Women in Tech | Refining Code as a Quality Assurance Engineer
Laserfiche was founded by Nien-Ling Wacker, a woman who began her career building custom solutions out of her home in the 1970s. She grew her business into the world’s leading ECM software company, which works to enable the digital workplace of the future. Today, she is recognized as a visionary leader and a pioneer in her field.
This March, the U.S. will celebrate Women’s History Month. To celebrate, Laserfiche will highlight some of the employees that have been inspired by Nien-Ling’s legacy.
While coding for web, mobile and infrastructure is a rewarding career path, there is another highly impactful field for engineers: Quality Assurance (QA). Engineers in QA are the essential partners to software engineers, dissecting and testing code in every way imaginable to ensure that it is functioning properly and meeting end users’ standards. Their work is vitally important to keeping projects alive and moving.
Miruna Babatie, Principal Software Test Engineer, and Tessa Adair, Technical Product Manager, both ended up starting their Laserfiche career in quality assurance by chance. Read on to learn about their journey.
1. How did you find yourself in QA, and what do you appreciate most about your role?
Tessa, Technical Product Manager: I came from a technical background in undergrad and started working at Laserfiche in QA by chance. I was interested in the company but was not sure what role was best for my career. Through the interview process, I discovered that QA seemed to fit. As I progressed in testing I discovered my interest in product management; particularly when it comes to seeing a broader picture of what we do and how we make decisions about the product. Laserfiche encouraged me to pursue my interests in product management while leveraging my testing background.
Miruna, Principle Software Test Engineer: I accidentally ended up in QA in 2002 when I was on the job market. I was teaching when a friend, who worked at Laserfiche at the time, recommended me to the QA team. I was a math major, so I had not considered QA as a potential career, but I have always been inquisitive about how things work. I started as a tester for our advanced capture product, which was an interesting team to work with. We discussed every feature to make sure it made sense to the user and to us. It was fun to see the product come to life. I’m the type of person that needs to know why we’re doing something and the team appreciated that, so I’ve been asking questions ever since.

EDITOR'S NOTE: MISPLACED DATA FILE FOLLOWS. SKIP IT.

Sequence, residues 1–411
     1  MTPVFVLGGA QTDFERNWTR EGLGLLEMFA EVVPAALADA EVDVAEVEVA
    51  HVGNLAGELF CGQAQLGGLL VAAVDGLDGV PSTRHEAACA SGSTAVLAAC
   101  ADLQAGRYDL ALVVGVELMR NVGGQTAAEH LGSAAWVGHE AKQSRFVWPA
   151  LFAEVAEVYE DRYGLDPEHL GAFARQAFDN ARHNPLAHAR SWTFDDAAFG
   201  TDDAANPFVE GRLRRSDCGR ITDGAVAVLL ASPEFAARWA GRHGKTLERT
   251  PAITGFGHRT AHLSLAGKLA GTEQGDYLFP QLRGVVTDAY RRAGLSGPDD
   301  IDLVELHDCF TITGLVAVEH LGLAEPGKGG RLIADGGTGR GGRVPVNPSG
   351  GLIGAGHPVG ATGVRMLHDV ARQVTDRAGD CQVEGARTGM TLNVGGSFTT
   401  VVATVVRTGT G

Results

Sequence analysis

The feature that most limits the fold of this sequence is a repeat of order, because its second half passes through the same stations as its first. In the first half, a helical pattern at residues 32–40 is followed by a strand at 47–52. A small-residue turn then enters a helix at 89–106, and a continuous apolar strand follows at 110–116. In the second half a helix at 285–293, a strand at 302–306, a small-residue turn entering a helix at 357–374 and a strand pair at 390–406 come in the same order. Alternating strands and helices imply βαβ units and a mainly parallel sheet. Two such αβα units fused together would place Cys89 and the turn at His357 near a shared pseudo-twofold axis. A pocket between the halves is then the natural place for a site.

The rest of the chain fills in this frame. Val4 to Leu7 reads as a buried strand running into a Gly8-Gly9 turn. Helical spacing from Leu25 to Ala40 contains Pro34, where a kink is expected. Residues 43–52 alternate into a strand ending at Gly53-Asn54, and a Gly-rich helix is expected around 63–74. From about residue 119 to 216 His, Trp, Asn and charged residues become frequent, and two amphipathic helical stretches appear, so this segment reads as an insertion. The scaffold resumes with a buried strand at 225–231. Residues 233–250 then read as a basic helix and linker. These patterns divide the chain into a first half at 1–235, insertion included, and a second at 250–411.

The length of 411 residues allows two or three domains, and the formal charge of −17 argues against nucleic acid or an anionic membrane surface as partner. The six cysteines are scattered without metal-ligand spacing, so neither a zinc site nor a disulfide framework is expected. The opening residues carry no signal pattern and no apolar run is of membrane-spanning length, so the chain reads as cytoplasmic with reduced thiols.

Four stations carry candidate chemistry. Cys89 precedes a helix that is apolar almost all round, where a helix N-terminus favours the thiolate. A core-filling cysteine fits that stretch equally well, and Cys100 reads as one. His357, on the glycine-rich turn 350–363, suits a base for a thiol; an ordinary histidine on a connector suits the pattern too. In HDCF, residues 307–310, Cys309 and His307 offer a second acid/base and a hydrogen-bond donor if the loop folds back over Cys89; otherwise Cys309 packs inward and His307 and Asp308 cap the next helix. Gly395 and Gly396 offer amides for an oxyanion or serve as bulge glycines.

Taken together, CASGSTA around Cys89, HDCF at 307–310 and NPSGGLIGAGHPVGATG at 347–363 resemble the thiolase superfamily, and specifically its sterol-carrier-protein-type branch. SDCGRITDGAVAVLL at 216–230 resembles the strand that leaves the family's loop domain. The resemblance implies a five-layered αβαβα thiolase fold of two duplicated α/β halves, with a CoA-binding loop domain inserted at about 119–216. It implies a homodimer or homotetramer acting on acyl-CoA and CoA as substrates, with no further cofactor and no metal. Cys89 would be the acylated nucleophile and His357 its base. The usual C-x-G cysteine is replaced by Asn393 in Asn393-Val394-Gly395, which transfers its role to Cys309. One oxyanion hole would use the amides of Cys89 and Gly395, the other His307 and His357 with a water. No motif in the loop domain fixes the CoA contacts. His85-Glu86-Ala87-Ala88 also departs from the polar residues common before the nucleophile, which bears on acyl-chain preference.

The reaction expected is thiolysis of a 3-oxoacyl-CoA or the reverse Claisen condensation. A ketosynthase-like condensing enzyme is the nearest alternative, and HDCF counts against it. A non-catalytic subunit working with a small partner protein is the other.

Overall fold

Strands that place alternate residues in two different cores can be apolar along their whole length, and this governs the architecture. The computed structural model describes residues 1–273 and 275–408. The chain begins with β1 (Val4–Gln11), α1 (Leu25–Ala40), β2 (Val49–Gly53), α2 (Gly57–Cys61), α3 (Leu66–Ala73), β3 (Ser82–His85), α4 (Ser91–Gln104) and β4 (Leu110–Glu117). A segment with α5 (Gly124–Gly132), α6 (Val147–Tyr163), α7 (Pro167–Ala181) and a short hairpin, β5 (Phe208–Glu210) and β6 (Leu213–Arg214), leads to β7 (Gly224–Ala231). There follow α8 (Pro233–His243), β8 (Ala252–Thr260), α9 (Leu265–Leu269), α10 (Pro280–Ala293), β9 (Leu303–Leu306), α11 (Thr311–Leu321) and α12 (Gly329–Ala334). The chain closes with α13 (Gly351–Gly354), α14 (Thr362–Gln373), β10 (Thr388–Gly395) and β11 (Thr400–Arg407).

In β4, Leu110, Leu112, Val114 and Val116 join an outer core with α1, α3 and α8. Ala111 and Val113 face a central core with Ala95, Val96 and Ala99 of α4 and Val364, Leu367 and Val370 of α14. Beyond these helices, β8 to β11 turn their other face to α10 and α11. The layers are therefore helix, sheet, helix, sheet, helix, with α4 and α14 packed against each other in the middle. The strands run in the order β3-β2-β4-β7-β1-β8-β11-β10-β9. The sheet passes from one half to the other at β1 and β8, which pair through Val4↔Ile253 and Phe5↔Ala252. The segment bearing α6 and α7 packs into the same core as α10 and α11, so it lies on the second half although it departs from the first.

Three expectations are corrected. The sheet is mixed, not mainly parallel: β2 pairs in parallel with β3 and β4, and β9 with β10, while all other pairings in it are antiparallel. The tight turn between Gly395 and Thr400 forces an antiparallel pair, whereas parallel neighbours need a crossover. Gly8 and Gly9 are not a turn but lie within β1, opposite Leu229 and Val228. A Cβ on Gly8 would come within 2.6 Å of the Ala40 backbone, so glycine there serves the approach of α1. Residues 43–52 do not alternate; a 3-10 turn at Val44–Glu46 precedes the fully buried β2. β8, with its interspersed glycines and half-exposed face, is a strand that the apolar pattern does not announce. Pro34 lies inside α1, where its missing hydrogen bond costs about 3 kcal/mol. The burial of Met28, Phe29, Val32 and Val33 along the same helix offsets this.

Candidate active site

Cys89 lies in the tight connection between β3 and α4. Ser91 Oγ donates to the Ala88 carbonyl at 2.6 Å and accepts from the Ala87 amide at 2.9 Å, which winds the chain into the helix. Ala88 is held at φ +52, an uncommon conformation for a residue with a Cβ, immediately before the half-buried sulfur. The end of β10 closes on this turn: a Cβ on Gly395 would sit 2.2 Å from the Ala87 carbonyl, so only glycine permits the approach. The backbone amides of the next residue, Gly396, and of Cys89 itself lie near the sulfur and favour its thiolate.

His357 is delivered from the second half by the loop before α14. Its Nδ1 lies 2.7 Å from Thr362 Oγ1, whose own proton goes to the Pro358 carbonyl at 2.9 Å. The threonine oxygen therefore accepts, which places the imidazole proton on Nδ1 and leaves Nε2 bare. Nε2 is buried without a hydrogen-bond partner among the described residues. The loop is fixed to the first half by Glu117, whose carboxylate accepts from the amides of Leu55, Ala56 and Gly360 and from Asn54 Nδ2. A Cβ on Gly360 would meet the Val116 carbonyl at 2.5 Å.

2. What motivates you to come to work every day?
Miruna: What has kept me at Laserfiche for 15 years plus is that I don’t end up doing the same thing every day. We have gone through many technologies and learned many things. I work with people who are not afraid of change and that keeps me engaged.
Tessa: It is motivating to see the impact that I have on the product and on customers’ experiences. I love that I get to work with motivated people that care about what they are doing and are constantly reflecting on what we can do better. I feel like we are never standing still, or waiting for the next bit of information to come our way. We are always seeking ways to improve and better understand our customers.
3. What makes your work interesting?
Tessa: I love being the bridge between the development team and the rest of the world. I get to understand the whole process of how we move from customer goals to the finished product. Products are constantly changing and the technology behind them is constantly changing. On top of that, consumer expectations are fluid, as they are demanding more out of their technology. In essence, we are never done; we always have things to improve.
Miruna: It is still about making a difference in the product, understanding the users and making it real.
4. What advice did you find useful in your career that you would share with others?
Miruna: Find out what makes you happy. You spend a majority of your time at work, so figure out how to be happy in your job, whether that’s in tech or another industry. For me, it’s the people I work with and the impact we have on our customers’ lives that make me happy.
Tessa: It’s important to understand that tech is collaborative and social. I think there’s that stereotype of the “loner” programmer who is successful due to purely technical skills and therefore doesn’t need to participate in this wider collaborative process. Now, I recognize that collaboration and social ability is an important and valuable skill to embrace. Because people around me valued collaboration, it helped me understand that soft skills are valuable and necessary for success.
As technologies evolve, so do the ways engineers need to test them—which makes QA a dynamic career path that requires a mix of technical capabilities, curiosity, and the desire to work collaboratively. If a role in QA sparks your interest there is good news—we’re hiring for Software Engineers in Test and QA Managers.
Read more from the Women in Tech series:
Women in Tech: Refining Code as a Quality Assurance Engineer